1. Use personalization naturally

When you are collecting the correct data, there is one principle to keep in mind: With great personalization, power comes great responsibility. Personalized content should feel natural and not forced. Do it if it matches with the goals you have for your broadcast emails or automated campaigns. Does adding the first name to a subject line bring additional value or are you just doing it to try it? Do you really need to set various campaigns for different sign up forms if the emails aren’t too different from one another? Another useful way to think about it’s by looking back at the goals you set at the beginning. Whether you use personalization fields or contextual content, it should either make it easier for you to make the email or help you establish a personal connection with your email community.

  1. Get creative

While there are different ways in which you can personalize your emails, I like to break it out into two strategies: personalization fields and contextual content. Personalization fields allow you to automatically populate an email with specific subscriber’s information, like their first name or city. Contextual content allows you to send relevant content to targeted part of subscribers, like a broadcast message to re-engage those who haven’t opened an email in more than six months. Since there’re so many pieces of information you can collect about your subscribers and ways to send hyper-relevant emails, there’re endless chances for you to get creative with both strategies. For example, personalization fields aren’t limited to subject lines. You may pepper them into your email content to better keep the attention of your readers. Here’s an example from one of our customers Honoree Corder, a writer, speaker and coach to authors looking to publish books: For contextual content, consider how you might be able to target automated campaigns to your different subscribers. You can send them campaigns based on what encouragement they signed up for, their geographical location or experience level. One way to find out what your subscribers really need is by referencing any common questions they have asked. Are there individuals who want information based on their industry or personal situation? Are there others like that person? If you are low on ideas, this can be a great place to start.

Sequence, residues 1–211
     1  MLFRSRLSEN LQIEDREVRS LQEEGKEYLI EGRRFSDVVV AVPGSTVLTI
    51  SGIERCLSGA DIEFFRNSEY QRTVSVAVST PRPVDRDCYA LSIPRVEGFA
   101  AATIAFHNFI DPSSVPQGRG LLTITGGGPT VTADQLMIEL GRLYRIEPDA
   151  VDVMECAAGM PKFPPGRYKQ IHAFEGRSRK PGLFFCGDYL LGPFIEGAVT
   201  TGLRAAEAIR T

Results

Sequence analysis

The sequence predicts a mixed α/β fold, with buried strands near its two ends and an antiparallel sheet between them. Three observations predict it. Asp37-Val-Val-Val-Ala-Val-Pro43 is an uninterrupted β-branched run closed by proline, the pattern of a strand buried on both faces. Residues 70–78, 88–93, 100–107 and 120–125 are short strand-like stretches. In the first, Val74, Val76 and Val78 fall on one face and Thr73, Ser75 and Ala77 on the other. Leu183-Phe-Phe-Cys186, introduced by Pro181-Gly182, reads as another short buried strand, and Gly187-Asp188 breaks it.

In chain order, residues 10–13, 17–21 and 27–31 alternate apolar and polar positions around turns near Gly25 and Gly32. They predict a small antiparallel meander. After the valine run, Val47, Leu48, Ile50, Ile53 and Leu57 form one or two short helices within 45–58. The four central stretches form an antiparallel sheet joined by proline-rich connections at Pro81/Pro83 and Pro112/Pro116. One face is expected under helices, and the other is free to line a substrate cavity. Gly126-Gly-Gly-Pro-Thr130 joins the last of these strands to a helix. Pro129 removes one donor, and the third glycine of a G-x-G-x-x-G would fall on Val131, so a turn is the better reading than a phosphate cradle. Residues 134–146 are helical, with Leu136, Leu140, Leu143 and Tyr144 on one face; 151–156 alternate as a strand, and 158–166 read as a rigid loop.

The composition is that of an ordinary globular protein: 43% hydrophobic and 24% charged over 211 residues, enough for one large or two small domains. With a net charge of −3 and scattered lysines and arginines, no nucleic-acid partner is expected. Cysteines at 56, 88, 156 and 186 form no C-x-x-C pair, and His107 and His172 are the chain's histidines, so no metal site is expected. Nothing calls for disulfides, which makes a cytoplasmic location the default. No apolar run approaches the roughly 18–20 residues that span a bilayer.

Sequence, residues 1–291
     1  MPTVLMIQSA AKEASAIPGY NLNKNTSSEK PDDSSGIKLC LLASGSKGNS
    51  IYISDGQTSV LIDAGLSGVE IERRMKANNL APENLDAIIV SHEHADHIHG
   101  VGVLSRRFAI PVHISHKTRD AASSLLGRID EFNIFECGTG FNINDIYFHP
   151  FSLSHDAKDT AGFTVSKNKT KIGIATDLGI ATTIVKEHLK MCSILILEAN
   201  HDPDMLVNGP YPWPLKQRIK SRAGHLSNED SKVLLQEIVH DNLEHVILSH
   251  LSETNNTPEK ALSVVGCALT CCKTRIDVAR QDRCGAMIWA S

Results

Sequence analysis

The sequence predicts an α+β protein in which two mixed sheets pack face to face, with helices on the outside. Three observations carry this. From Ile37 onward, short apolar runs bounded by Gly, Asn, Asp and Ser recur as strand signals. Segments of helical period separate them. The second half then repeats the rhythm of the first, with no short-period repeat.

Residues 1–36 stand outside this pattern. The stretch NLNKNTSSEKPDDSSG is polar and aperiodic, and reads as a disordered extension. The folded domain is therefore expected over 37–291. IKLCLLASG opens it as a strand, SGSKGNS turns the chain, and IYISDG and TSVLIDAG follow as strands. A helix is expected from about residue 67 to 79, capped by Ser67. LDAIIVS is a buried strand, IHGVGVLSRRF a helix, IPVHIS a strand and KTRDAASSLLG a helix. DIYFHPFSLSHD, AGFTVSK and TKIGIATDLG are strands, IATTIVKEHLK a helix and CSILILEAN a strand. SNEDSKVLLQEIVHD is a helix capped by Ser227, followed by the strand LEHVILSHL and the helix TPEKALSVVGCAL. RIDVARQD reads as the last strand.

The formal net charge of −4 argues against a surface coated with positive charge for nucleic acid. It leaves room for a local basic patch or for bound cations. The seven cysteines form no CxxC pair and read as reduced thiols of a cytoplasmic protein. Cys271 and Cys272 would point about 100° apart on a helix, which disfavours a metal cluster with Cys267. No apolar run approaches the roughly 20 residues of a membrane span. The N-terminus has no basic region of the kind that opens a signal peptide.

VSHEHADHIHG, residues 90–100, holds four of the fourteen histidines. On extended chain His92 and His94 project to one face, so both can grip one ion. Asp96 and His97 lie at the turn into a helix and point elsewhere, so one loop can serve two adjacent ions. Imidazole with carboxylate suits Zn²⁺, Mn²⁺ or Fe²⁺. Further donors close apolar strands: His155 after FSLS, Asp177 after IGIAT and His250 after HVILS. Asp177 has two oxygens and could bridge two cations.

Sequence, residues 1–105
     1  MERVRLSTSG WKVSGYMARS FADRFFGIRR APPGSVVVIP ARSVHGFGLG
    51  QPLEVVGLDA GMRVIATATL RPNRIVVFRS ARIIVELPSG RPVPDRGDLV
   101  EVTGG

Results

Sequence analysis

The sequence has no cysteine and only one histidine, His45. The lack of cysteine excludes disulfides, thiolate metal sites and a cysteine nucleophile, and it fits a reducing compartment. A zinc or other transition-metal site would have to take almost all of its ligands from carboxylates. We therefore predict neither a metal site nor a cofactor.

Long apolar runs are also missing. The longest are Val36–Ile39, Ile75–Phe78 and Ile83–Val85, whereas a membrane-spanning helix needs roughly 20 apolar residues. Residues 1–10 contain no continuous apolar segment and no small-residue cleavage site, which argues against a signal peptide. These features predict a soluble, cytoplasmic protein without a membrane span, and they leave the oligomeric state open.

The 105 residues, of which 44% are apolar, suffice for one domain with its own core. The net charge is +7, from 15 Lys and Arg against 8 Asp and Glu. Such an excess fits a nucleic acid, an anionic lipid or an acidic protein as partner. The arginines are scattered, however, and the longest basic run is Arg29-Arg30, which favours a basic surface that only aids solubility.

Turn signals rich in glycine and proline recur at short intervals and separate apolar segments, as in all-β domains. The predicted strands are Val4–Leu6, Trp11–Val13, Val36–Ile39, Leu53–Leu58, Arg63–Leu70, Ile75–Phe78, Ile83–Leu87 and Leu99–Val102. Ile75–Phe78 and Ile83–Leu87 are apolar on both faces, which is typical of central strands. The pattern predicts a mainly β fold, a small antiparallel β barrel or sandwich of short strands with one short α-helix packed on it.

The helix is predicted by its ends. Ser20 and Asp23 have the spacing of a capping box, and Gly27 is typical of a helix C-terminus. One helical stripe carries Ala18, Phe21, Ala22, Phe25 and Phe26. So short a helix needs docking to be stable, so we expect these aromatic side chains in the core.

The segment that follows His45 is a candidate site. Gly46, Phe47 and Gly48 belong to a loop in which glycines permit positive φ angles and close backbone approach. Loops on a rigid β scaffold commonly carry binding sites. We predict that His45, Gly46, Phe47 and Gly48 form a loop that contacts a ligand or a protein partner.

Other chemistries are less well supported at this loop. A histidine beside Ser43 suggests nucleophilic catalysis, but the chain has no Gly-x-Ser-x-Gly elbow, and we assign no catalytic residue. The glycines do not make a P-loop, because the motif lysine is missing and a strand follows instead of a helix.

1. Test your emails

Testing your emails is a must-do for most people who send email, and it’s especially important if you are doing things like adding personalization fields or triggering multiple types of automated campaigns. After you make your emails that feature personalization fields, send a test to yourself to make sure the right information is being pulled in properly. If subscribers first names should appear, confirm that is actually happening. If you are using AWeber to send your emails, you can add personalization field content so you can view it in your test email. If you are sending broadcasts to a targeted subscriber segment, carefully set up the process so that the email is only going to that group. If triggering different automated campaigns, test the sign up process to make sure the right follow up sequence is launching with the right actions.


Tweak and test as needed until everything looks good to go!